7. Experts approach tasks flexibly, so they recognize when more knowledge is needed and take steps to acquire it while monitoring progress (Bilalić, McLeod, and Gobet, 2008; Metcalfe and Kornell, 2005; Spiro et al., 1991).

8. Within certain physical limits of speed and endurance associated with aging and health status, experts retain domain-related skills through adulthood as long as they are practiced (Krampe and Charness, 2006).

Expertise is usually difficult to achieve—and for a complex skill such as literacy requires many hours of practice over many years—experts tend to have 1,000-10,000 hours of experience in their field of expertise (Chi, Glaser, and Farr, 1988). With respect to literacy expertise taught in schools, an hour per day from kindergarten through twelfth grade amounts to about 2,000 hours in total, after taking out the inevitable days when no real instruction occurs, which is at the low end of the range needed to gain expertise. Adult literacy learners can be assumed to have missed out on many of these hours or to need substantially more practice. Adults bring varied goals to adult literacy education, but it is clear that given the hours of practice needed to develop literacy skills for functioning well in the realms of work, family, education, civic engagement, and so on, instruction needs to be designed to ensure that learning proceeds as efficiently as possible. Efficiency is especially important considering that adolescents and adults live in complex worlds with many competing demands (Riediger, Li, and Lindenberger, 2006).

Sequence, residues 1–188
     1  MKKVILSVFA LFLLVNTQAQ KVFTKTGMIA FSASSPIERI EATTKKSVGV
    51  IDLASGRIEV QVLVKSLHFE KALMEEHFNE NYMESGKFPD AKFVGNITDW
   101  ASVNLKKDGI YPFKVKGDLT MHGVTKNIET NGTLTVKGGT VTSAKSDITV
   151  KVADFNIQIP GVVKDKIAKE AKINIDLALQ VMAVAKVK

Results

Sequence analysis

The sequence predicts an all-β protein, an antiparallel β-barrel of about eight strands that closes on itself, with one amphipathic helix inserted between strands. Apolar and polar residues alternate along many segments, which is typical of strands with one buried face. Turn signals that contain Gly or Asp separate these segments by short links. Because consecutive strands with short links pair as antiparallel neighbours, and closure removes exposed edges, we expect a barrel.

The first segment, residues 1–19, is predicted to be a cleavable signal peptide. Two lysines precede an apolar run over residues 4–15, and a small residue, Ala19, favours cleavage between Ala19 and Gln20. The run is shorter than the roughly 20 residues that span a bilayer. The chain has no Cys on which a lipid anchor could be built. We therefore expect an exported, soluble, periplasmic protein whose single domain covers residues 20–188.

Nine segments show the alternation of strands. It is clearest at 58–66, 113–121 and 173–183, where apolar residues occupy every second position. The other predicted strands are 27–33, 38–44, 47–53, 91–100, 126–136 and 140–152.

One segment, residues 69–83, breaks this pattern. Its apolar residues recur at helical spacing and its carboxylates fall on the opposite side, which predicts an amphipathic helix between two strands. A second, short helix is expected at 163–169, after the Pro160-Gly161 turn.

Learning involves being proficient with the tools needed to complete the tasks to be mastered and so requires practice with using tools. Tools can be anything from a physical tool (pen, computer, textbook, or graphic organizer) to more abstract tools—such as the appropriate lexicon of a particular domain or knowledge of how people in a domain construct written arguments or literature. Tools can contribute to the development of deeper understandings of a concept or idea by presenting learners with varied ways of representing the idea (Eisner, 1994; Paivio, 1986; Siegel, 1995).

The learning principles described in this chapter vary in their attention to explicit and implicit teaching and learning. Both explicit and implicit learning contribute to the development of expertise in complex skills, such as reading and writing, as illustrated in previous chapters. The principles also vary in their emphasis on promoting initial acquisition of knowledge and skills over transfer and generalization of acquired knowledge and skills to new situations. Initial acquisition involves attention to and encoding of relevant material, so that it can be retrieved from memory or applied to problems within short retention intervals. Transfer and generalization are

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